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The qualities demanded of a GRC professional

Written by Paul Eccleson on Friday July 23, 2021


In this blog I’ll be taking a look at how and why the role profile of a governance, risk and compliance (GRC) professional is a challenging one. The mix of risk management, business strategy understanding, regulatory analysis and interpersonal influence required is daunting.[1] If that wasn’t a big enough ask, I’d add another essential requirement: being alert to, and overcoming, basic human tendencies in oneself that will get in the way of ‘doing the right thing’. An effective GRC practitioner must face problems rather than avoid them, hold to principles when it is easier to dodge them and challenge commonly accepted beliefs when needed. What psychological research tells us is that these qualities do not come naturally to us as humans.

We are, by nature, social beings, and our desire to identify with groups and to ‘fit in’ is incredibly strong. In a classic experiment, a group of 10 people was asked to choose a drawn line from a set of options that were the same length as an example line they had been shown. Nine of the group were ‘plants’ who had all been instructed to choose the same, but obviously incorrect, line. The subject was then asked to make their choice. The majority of subjects went with the (clearly erroneous) consensus. Such conformity is enhanced when the ‘correct’ choice is less clear, by strong association with a group and when encouraged to act in a particular way by authority. In short, when all pulling towards the same, vaguely defined, goal and with authority figures leading the way, following erroneous pathways is much more likely. This is exactly what we have – and is desired – in most organisations.

To make matters worse, when faced with a challenging situation that requires intervention, most people will choose not to get involved. This is especially true when there are a lot of people witnessing the problem. Such diffusion of responsibility makes it more likely that no action will be taken at all, by anyone. There are several barriers to intervention at play here. If non-compliance is accepted as just the ‘way we do things’, colleagues may be completely blind to the issue in the first place. The same non-compliant culture may also make people feel that there is no point in escalating issues – the organisation will not doing anything about it anyway. A mixture of poor culture and feelings of personal impotence will undermine any policies or expectations the GRC function might set.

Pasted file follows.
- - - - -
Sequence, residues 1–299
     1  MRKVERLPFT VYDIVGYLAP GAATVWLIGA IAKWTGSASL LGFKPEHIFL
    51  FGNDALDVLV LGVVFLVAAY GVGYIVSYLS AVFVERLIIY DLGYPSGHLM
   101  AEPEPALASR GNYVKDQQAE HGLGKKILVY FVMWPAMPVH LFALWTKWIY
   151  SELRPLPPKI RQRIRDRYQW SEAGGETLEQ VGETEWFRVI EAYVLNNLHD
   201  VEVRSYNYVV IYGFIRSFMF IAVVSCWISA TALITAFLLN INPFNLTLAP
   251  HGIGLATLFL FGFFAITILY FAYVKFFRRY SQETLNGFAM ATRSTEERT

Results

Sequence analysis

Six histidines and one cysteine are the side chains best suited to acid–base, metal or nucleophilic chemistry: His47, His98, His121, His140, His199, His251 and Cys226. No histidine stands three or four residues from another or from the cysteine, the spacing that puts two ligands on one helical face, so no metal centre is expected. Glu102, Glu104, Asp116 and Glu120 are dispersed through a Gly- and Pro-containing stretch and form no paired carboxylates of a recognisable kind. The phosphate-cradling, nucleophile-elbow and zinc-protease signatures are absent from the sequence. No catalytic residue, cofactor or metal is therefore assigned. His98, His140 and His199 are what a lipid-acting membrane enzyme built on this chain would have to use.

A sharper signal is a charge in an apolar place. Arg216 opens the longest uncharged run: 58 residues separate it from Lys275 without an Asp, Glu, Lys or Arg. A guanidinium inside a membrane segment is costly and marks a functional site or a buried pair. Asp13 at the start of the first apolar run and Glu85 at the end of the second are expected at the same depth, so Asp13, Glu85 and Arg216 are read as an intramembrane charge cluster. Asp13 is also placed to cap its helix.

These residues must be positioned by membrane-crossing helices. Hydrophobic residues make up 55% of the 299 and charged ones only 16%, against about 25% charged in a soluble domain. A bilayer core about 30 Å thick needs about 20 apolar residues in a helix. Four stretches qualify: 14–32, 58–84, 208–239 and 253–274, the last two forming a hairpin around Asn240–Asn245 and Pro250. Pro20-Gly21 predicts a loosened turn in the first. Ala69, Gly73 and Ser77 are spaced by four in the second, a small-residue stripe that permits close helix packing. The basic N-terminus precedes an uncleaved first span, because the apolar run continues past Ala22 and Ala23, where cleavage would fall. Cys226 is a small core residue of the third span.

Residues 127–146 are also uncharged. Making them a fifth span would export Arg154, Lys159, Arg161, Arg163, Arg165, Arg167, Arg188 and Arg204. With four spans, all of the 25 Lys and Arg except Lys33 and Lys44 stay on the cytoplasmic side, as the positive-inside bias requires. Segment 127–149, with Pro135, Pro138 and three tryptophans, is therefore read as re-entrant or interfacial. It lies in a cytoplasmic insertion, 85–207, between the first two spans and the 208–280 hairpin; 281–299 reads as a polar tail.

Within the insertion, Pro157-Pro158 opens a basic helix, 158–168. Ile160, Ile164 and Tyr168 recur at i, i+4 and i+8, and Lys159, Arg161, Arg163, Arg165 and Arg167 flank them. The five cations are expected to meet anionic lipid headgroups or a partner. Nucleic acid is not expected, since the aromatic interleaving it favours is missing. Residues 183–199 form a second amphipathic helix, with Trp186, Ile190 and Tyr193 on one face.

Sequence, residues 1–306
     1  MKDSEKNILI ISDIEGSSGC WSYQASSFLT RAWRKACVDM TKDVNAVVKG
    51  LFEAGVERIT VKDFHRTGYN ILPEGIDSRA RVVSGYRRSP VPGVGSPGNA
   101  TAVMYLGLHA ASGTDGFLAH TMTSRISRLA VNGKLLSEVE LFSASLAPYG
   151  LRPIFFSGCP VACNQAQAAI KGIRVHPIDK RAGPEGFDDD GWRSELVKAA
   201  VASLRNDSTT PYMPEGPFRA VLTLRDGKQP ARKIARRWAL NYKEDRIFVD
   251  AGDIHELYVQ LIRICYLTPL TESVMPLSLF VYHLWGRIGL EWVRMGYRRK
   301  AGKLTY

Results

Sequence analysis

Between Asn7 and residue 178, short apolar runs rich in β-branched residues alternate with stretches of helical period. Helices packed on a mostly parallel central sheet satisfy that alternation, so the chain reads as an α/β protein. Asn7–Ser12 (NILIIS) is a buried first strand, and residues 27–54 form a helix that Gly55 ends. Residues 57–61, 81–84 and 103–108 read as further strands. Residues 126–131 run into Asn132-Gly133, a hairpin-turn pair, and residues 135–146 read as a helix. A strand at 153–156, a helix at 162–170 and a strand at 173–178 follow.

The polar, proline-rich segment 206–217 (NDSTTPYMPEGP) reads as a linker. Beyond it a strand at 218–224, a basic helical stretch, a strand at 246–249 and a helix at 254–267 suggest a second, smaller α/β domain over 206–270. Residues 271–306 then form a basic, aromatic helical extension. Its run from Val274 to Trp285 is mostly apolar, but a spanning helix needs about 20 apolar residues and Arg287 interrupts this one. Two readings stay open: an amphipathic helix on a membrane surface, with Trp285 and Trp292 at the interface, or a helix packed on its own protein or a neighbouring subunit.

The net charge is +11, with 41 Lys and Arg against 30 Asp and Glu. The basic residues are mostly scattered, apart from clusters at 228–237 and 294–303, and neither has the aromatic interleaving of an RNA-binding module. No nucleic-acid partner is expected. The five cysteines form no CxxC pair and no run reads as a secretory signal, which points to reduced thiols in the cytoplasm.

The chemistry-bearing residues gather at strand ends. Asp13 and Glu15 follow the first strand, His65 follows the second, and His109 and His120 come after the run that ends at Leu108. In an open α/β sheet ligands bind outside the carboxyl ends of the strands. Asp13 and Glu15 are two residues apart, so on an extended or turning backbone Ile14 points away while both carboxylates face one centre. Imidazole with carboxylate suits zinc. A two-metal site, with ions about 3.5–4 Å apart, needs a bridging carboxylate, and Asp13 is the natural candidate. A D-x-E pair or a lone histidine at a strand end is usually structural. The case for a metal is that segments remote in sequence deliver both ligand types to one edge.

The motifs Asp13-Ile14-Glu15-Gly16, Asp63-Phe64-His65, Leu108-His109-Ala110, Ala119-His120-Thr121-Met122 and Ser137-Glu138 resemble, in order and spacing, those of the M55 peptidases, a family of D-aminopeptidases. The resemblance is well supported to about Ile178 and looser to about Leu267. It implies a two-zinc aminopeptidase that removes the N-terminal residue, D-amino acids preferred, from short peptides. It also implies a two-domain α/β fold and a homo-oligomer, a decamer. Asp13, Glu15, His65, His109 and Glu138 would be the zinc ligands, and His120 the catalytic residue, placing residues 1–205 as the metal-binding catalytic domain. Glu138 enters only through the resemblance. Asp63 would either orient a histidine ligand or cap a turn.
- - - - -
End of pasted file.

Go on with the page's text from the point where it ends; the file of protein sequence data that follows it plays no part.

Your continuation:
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Sealing the deal for non-compliant behaviour is the human ability to morally disengage from our actions (or lack of action). I have focused in other articles for members of the ICA on the mechanisms people use to become comfortable with morally uncomfortable aspects of their own behaviour. We are masters of telling ourselves stories that reduce internal discomfort and allow us to sleep at night.

With this analysis, I am not concluding that humans are inherently ‘bad’ or ‘morally weak’. These natural tendencies can be used to enhance rather than compromise compliance. My intent is to illustrate the challenge that GRC professionals face in dealing with organisations and the internal challenges faced in containing their own natural tendencies.